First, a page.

The Tennessee Senate Republican Caucus has sent a letter to the presidents and chancellors of each of Tennessee’s public universities – including University of Memphis President M. David Rudd – urging them to enact policies that would prohibit student athletes from protesting during sporting events, specifically kneeling during the national anthem.
The incident that sparked condemnation on Twitter by multiple Tennessee Senate Republicans and inspired the drafting of the Feb. 22 letter occurred at a men’s basketball game between East Tennessee State University (ETSU) and the University of Tennessee at Chattanooga (UTC) at the McKenzie Arena. According to reporting by The Tennessean, members of the ETSU team dropped to one knee during the pre-game playing of the Star-Spangled Banner.
“The singing of our national anthem should be an opportunity for public universities to honor veterans,” tweeted Lt. Gov. Randy McNally, as he showed his support for the letter. “It shouldn’t be a time for students representing our colleges to express their personal political views.”
Echoing McNally’s sentiment, Sen. Ed Jackson tweeted an image of the letter while writing: “Tennessee student athletes should not disrespect our flag, period.”
In their letter to university presidents and chancellors, the Republican Senate Caucus wrote: “During athletic competitions, our student athletes represent not only themselves, but also our universities and all the citizens of this state, many of whom view this form of protest as offensive and disrespectful to the very thing our National Anthem represents.”
Republicans hold a supermajority in the state legislature, and in the Senate only 6 of the 33 senators are Democrats. This often leaves the senate Democrats in the role of resistance, and true to form, not even 24 hours had passed before the Senate Democratic Caucus had responded to the letter with their own statement.
The Tennessee Senate Democratic Caucus views student athletes who take the knee as anything but disrespectful. In a joint statement, the Senate Democrats said:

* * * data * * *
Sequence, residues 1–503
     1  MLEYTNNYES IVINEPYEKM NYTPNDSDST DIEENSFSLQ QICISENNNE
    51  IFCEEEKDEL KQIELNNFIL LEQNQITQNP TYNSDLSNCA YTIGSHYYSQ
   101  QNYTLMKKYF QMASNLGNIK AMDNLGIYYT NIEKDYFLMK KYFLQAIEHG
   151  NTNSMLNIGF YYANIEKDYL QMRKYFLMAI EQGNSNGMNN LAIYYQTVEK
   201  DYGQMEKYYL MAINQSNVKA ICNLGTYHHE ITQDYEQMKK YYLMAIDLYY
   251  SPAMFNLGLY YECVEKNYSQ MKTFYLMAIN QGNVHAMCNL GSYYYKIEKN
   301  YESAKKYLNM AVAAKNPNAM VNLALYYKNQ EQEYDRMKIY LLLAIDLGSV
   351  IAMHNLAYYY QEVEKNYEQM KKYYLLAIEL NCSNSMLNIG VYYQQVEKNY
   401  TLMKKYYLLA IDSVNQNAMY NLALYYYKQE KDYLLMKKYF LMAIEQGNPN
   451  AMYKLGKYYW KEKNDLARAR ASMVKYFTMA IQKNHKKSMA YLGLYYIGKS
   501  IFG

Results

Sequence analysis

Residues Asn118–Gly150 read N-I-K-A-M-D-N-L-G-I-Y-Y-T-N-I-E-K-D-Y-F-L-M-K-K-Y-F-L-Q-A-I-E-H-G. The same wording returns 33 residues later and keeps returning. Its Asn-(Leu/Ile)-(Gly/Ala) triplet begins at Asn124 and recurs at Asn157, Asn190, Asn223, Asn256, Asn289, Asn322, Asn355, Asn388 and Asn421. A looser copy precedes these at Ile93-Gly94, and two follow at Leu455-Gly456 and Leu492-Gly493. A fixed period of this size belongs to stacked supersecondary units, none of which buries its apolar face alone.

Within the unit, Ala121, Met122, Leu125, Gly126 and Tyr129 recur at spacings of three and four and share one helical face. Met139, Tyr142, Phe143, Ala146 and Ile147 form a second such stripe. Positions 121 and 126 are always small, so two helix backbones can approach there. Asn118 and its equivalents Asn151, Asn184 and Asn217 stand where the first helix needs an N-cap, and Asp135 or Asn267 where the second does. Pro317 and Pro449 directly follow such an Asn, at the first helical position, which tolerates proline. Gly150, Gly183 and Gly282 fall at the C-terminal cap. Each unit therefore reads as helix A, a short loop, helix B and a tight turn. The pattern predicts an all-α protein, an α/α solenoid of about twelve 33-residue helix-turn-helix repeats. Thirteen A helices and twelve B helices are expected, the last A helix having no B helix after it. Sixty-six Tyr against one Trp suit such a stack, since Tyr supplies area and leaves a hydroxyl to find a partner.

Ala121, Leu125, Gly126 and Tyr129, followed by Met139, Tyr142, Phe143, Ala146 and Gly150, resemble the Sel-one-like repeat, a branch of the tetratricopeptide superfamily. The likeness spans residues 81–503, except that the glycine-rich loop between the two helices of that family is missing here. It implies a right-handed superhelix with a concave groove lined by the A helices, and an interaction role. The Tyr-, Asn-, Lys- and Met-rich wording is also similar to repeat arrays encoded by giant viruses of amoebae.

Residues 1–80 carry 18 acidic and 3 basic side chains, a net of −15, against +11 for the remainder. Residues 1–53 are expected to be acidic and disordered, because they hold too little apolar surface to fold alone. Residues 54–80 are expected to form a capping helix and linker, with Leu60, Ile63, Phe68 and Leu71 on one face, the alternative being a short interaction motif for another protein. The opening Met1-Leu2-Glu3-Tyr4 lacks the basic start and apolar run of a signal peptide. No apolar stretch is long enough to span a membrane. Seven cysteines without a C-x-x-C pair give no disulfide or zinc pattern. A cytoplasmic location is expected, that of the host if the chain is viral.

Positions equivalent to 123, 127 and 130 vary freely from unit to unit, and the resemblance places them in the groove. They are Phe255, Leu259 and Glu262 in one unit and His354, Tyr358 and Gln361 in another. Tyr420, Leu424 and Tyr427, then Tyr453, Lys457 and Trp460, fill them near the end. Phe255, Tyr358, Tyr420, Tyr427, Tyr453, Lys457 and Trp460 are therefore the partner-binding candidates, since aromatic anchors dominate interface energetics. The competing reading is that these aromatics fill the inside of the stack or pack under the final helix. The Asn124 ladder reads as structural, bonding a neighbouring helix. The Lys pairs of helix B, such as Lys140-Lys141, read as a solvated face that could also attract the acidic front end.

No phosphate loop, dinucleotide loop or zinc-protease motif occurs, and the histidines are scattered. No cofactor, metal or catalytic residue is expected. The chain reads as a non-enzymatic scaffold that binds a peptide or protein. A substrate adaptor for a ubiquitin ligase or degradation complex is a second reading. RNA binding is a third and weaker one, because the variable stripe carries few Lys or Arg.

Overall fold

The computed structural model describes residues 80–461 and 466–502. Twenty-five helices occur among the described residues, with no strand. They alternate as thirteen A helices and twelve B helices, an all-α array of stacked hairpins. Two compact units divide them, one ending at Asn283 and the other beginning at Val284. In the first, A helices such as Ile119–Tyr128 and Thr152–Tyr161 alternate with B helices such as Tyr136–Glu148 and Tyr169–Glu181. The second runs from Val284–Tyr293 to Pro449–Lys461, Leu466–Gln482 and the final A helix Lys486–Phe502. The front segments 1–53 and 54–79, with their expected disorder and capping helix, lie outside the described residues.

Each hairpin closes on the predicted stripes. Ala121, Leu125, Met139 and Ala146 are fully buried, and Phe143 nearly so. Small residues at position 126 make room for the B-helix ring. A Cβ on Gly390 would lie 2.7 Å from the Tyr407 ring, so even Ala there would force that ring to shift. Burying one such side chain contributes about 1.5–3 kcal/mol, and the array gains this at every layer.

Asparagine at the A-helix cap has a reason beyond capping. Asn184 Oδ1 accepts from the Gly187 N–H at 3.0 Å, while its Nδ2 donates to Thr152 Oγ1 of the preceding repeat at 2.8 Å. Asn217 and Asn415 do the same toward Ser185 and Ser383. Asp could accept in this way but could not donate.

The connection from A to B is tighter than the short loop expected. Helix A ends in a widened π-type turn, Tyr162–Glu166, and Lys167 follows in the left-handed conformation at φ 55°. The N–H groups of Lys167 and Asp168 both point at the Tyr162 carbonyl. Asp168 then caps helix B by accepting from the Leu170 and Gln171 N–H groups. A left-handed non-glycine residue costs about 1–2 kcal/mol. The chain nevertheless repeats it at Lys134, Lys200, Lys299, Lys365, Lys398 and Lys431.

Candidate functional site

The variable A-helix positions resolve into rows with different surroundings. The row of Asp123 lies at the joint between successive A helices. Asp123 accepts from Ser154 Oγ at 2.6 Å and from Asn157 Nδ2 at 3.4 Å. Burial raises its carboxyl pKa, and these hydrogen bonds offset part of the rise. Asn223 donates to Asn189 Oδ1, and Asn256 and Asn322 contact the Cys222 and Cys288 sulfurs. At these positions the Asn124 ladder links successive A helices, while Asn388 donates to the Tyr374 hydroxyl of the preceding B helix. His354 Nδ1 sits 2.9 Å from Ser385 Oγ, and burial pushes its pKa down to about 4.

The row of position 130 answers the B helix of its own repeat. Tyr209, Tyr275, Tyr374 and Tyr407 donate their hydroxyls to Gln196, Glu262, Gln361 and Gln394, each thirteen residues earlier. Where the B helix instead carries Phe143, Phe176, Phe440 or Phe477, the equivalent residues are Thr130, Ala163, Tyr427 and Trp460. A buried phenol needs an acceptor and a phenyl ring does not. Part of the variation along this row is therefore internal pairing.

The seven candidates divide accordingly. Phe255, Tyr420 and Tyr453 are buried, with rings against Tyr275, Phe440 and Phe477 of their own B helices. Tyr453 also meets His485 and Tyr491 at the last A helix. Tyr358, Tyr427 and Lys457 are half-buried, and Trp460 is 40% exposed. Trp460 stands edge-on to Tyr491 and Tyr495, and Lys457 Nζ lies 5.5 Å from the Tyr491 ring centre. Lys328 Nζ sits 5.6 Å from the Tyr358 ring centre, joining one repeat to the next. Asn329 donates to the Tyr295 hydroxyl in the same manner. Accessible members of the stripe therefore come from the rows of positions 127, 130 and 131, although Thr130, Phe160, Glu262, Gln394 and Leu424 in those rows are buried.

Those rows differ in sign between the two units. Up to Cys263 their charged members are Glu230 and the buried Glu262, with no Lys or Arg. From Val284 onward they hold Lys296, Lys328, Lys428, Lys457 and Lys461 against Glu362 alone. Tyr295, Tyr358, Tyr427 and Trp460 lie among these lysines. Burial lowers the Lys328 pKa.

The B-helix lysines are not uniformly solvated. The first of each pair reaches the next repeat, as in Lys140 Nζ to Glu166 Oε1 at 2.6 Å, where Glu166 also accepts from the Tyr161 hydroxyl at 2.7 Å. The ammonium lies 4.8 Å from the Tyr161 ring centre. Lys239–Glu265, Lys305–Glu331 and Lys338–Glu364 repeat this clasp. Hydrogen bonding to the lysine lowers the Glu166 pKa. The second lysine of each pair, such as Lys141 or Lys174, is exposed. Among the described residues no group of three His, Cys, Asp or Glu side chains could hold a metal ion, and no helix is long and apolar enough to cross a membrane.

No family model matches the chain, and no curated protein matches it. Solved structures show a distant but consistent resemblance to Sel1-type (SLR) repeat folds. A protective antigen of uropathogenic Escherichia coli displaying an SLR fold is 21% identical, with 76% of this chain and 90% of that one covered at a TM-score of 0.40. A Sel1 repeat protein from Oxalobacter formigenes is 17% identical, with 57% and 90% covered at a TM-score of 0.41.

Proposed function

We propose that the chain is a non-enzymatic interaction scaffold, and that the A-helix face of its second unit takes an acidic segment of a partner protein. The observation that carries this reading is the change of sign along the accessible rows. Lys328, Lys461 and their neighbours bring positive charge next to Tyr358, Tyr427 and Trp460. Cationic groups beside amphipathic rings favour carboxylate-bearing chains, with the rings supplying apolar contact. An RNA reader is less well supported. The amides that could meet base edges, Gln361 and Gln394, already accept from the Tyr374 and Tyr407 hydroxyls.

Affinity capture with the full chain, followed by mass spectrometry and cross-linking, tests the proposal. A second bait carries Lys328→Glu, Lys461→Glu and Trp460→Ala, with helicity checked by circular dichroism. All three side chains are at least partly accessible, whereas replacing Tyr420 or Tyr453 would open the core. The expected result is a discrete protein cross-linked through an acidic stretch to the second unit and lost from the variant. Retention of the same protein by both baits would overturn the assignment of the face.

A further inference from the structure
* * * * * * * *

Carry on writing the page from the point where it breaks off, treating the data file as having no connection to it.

“In fact, student organizing on college campuses is a perfect reflection of the American values embedded in our First Amendment. Rather than silencing the voices of students who are peacefully bringing attention to injustice in our country, we should all be working together to address the inequities that brought them to a knee.”
Sen. Heidi Campbell, in an interview with The Daily Helmsman, said the complaints of her Republican colleagues are little more than politics. “I think it’s political,” Campbell said, “and I think it’s red meat to their base.
“But I think it’s most unfortunate because we have real problems to solve in Tennessee. This is not only a waste of time, but it’s harmful to a lot of Tennesseans. It sends a message to people that their opinions, their struggles, are not valued.”
Over the past year, in the wake of the killing of George Floyd and nation-wide outcries to end police brutality against people of color, UofM student athletes have embraced peaceful protests.
During the 2020 football season, the Memphis Tigers each wore helmets that had Black Lives Matter stickers. In June, the football team organized a protest march across campus. Memphis
Head Football Coach Ryan Silverfield made an appearance and gave a speech, before dozens of student athletes marched in solidarity with their black teammates.
The UofM football team was one of the first NCAA teams to feature a Black Lives Matter decal on their uniforms this last season.